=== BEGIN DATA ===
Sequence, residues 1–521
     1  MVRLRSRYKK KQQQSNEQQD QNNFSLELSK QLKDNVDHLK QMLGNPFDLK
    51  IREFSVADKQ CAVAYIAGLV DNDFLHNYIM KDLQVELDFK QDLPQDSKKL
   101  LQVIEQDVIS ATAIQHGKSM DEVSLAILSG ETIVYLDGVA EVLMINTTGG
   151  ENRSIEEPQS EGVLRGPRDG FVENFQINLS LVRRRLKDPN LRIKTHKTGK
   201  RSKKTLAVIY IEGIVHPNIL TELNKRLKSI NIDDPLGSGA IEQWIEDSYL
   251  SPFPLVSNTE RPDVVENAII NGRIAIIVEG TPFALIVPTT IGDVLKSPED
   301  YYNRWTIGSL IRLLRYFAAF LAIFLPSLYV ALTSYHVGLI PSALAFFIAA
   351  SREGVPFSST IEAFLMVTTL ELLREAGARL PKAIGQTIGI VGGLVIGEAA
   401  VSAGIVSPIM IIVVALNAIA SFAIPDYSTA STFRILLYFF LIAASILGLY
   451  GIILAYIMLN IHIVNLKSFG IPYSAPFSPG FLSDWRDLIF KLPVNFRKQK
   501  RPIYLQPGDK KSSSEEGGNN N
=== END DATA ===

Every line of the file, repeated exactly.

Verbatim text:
Sequence, residues 1–521
     1  MVRLRSRYKK KQQQSNEQQD QNNFSLELSK QLKDNVDHLK QMLGNPFDLK
    51  IREFSVADKQ CAVAYIAGLV DNDFLHNYIM KDLQVELDFK QDLPQDSKKL
   101  LQVIEQDVIS ATAIQHGKSM DEVSLAILSG ETIVYLDGVA EVLMINTTGG
   151  ENRSIEEPQS EGVLRGPRDG FVENFQINLS LVRRRLKDPN LRIKTHKTGK
   201  RSKKTLAVIY IEGIVHPNIL TELNKRLKSI NIDDPLGSGA IEQWIEDSYL
   251  SPFPLVSNTE RPDVVENAII NGRIAIIVEG TPFALIVPTT IGDVLKSPED
   301  YYNRWTIGSL IRLLRYFAAF LAIFLPSLYV ALTSYHVGLI PSALAFFIAA
   351  SREGVPFSST IEAFLMVTTL ELLREAGARL PKAIGQTIGI VGGLVIGEAA
   401  VSAGIVSPIM IIVVALNAIA SFAIPDYSTA STFRILLYFF LIAASILGLY
   451  GIILAYIMLN IHIVNLKSFG IPYSAPFSPG FLSDWRDLIF KLPVNFRKQK
   501  RPIYLQPGDK KSSSEEGGNN N